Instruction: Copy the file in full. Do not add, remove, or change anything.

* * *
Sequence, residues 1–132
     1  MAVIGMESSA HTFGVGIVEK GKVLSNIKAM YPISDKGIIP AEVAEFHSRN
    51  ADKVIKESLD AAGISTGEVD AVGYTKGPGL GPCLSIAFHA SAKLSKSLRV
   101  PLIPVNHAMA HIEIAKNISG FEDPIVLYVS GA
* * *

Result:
Sequence, residues 1–132
     1  MAVIGMESSA HTFGVGIVEK GKVLSNIKAM YPISDKGIIP AEVAEFHSRN
    51  ADKVIKESLD AAGISTGEVD AVGYTKGPGL GPCLSIAFHA SAKLSKSLRV
   101  PLIPVNHAMA HIEIAKNISG FEDPIVLYVS GA